A Posteriori Clinches a Unique Design Special Award @ SRG 2018

We built and tested our Chihuahua (small, but loud) wall climbing robot in two weeks, or so.  It was a fun process where none of us got electrocuted, despite losing magic smoke from various MOSFETs and diodes.  We also didn’t lose any of our 10 fingers in the high-speed ducted fans, despite cutting through and splintering several propellers.

So, that’s a marked success.

Here’s a video of us testing a full run at home – the surfaces are all wrong, and the dimensions are much shorter than the real event:

With that fine working machine in the bag, and less than 24 hours to go, we decided to add more Time-of-Flight light distance sensors and a whole bunch of code, in order to be able to perform some alignment correction on the controlled fall back down.  That seemed to have introduced unexpected I2C complexities, which we spent a lot of our day-of-competition practice time trying to understand and overcome.

Here’s one of our better practice performances:

By the time we had to cage our robot, we had some vague hopes that one of several runs might luck through the full challenge… Unfortunately, our little Chihuahua had stage fright in front of an expectant audience, which turned into a full meltdown, when one of its unprotected wires shorted and a billow of smoke erupted climactically from the belly of the beast.

Oh well!  We did impress some people with our thrust-based design, and collected our Unique Design Special Award ceremoniously at the end of the event.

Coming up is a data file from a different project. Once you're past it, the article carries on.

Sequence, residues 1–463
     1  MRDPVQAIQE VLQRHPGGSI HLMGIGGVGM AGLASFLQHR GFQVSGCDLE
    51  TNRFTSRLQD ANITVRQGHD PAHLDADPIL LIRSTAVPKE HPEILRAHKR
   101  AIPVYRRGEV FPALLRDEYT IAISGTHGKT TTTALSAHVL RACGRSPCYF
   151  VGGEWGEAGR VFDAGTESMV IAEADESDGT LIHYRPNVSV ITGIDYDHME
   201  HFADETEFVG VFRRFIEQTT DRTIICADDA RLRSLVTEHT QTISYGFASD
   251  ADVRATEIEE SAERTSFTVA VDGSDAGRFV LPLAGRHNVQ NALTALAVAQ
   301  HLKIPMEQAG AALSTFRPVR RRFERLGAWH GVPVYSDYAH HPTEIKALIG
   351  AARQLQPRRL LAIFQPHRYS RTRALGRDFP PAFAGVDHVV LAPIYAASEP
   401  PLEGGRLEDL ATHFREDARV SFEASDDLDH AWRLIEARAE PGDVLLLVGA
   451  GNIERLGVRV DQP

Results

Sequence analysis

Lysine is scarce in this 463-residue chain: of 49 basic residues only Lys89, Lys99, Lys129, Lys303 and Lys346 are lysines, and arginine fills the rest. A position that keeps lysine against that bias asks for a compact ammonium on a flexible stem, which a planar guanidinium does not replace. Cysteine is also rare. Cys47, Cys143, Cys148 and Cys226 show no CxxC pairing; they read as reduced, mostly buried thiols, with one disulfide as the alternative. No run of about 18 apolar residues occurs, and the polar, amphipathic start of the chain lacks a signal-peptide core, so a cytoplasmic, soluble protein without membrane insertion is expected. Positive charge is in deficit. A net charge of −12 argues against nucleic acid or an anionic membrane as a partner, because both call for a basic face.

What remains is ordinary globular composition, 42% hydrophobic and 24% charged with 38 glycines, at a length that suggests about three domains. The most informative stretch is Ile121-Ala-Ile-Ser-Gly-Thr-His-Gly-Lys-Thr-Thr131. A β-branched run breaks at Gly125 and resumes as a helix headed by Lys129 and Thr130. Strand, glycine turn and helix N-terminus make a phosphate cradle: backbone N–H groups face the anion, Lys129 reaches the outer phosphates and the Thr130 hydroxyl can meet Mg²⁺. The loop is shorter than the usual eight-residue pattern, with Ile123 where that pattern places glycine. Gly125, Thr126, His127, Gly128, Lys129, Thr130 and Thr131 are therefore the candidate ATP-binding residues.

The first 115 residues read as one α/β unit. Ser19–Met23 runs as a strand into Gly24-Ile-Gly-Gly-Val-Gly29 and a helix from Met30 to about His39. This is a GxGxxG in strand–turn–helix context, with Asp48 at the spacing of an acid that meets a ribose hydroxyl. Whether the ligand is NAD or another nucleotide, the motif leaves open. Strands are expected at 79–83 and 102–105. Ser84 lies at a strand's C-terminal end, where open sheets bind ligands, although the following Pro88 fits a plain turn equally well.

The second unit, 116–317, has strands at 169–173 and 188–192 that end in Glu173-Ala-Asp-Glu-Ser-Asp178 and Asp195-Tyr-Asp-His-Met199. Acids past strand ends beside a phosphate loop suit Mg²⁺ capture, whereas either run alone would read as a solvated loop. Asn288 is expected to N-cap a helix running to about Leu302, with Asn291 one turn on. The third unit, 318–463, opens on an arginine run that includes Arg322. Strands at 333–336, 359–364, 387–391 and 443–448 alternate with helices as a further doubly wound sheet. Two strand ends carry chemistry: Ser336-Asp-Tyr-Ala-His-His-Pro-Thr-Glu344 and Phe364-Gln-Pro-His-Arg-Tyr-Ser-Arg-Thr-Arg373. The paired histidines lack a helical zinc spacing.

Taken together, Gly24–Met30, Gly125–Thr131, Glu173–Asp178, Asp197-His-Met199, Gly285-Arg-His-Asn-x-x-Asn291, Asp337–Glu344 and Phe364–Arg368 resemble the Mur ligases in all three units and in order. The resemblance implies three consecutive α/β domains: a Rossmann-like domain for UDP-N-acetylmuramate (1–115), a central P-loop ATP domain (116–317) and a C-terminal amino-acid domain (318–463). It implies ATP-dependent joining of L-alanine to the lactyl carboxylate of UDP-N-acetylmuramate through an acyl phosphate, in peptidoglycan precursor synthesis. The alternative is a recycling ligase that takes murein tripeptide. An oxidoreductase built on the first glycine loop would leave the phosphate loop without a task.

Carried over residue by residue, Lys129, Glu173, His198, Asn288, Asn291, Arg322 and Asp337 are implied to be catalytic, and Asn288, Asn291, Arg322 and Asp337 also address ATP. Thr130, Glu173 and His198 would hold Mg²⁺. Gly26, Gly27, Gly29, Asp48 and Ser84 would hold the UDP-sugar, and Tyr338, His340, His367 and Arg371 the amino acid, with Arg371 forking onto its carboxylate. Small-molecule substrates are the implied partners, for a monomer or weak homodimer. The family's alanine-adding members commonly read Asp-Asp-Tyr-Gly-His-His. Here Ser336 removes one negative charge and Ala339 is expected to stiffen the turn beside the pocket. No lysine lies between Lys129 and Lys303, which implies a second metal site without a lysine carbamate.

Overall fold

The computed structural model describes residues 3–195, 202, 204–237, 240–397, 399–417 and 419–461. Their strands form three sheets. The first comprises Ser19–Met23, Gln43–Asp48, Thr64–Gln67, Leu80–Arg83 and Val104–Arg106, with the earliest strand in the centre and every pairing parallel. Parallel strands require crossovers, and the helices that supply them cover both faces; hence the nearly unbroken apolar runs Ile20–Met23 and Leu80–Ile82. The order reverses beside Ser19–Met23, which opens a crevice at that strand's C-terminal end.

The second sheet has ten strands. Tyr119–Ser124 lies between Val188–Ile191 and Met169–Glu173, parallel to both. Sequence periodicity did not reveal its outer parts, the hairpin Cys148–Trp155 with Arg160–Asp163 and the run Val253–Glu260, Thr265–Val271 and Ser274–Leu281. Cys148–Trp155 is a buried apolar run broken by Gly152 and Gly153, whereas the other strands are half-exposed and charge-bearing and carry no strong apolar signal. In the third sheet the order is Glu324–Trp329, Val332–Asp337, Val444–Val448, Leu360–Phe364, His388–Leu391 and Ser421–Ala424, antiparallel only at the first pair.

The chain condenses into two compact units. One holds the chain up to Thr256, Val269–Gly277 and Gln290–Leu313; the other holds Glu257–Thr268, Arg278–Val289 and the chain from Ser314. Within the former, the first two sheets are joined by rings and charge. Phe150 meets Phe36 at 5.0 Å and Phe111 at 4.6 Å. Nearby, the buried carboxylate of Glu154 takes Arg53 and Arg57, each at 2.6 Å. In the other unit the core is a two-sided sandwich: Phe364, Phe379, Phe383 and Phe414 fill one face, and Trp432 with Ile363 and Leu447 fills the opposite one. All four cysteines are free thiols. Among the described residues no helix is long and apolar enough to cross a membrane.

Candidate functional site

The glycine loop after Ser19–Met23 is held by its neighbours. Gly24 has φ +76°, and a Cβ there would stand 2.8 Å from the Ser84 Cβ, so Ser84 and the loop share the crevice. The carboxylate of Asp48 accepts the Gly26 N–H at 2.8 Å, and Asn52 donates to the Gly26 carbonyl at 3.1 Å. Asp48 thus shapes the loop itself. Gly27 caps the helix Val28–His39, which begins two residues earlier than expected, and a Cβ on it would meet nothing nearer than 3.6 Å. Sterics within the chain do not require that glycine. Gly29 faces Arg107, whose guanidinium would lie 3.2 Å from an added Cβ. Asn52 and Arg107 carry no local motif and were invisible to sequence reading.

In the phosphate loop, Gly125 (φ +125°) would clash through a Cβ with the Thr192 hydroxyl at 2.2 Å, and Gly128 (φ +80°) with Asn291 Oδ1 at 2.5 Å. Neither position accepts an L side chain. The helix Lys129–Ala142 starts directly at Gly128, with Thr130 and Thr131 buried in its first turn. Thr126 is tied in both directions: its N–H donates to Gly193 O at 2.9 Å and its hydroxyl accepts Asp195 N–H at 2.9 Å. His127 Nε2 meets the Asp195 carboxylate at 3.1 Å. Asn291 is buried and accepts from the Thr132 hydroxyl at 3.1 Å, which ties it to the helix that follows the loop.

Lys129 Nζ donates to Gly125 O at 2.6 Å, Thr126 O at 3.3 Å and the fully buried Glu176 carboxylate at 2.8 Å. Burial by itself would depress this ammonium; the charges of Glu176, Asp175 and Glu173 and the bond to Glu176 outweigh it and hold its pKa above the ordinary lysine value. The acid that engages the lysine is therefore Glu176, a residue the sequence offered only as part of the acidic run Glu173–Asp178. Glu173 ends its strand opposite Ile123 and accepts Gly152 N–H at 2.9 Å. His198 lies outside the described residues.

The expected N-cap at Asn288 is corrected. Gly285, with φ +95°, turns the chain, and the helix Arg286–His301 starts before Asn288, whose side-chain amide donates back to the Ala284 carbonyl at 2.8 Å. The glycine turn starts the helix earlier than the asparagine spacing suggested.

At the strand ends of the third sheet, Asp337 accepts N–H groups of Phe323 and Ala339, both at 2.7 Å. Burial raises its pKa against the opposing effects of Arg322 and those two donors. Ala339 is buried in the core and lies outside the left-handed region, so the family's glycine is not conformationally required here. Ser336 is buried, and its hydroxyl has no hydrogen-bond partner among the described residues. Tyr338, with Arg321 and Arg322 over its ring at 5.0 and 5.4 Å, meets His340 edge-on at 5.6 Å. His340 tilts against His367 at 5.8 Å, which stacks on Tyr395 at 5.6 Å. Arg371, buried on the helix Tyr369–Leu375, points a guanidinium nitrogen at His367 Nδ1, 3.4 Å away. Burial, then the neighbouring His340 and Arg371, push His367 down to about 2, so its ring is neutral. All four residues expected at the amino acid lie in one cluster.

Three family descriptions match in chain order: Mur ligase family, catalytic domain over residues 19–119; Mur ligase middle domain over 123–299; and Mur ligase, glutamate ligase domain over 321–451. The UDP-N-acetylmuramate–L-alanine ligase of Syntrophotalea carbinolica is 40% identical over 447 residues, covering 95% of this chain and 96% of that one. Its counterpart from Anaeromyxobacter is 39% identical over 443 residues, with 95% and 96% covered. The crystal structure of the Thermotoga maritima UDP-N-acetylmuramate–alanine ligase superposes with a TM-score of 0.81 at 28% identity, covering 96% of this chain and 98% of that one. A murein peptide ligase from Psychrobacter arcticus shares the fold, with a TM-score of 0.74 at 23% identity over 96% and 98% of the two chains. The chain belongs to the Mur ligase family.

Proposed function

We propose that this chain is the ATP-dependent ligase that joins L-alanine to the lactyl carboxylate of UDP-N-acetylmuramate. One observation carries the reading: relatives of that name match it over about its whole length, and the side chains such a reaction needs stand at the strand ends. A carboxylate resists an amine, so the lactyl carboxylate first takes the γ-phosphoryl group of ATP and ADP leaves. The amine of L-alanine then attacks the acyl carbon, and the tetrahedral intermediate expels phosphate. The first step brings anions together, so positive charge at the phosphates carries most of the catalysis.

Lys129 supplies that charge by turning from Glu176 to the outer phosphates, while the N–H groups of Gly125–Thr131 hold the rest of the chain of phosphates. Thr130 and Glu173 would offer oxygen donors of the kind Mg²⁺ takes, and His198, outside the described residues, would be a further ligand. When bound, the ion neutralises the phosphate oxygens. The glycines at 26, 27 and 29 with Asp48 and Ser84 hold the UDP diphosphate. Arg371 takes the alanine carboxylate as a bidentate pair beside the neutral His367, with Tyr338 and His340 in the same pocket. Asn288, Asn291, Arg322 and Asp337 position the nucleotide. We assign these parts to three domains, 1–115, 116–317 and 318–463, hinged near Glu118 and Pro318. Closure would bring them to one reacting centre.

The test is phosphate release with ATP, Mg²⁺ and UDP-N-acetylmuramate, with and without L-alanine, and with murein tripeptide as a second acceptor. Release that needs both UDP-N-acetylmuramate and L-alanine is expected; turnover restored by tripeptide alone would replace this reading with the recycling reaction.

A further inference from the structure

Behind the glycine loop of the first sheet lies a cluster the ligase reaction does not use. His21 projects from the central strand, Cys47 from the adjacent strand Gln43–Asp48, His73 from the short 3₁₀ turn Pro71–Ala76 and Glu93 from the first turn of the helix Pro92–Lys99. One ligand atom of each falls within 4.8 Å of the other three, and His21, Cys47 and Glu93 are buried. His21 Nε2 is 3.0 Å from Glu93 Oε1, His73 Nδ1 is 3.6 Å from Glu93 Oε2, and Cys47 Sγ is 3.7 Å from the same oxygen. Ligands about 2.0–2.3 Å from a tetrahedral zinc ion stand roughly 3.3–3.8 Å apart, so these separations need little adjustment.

We plan to be back next year with another unique design in at least one challenge…  Kudos to Singapore Robotics Games organizers for all their hard work and dedication to the open and free competition.

4 Replies to “A Posteriori Clinches a Unique Design Special Award @ SRG 2018”

  1. Cool project!

    ETH solved the transition problem by thrust vectoring (https://www.dezeen.com/2016/01/04/disney-research-zurich-eth-vertigo-robot-propellers-climb-up-walls-scale-vertical-surfaces/) but probably a simpler solution in your application could be to mount the drive motors on the top of the plate rather than the bottom, and adding a compliant skirting around the perimeter of the plate to restrict airflow and create a low pressure region under the chassis to harness suction.

    1. Thanks Kenneth.

      Suction will allow us to use far less power, but we didn’t want to do that as it won’t work during the wall-to-ceiling transition. We could use a separate suction fan for the ceiling, and many other participants do that, but we figured it won’t be cool to do it the same way as everyone else.

      We saw the thrust vectoring approach by ETH, and one of our ideas at the start was to take the approach to it’s logical conclusion; by building a quadcopter that glides along the floor, wall, and ceiling while maintaining contact at all time to stay within the rules. Won’t even need wheels for that… but we figured that won’t be cool either.

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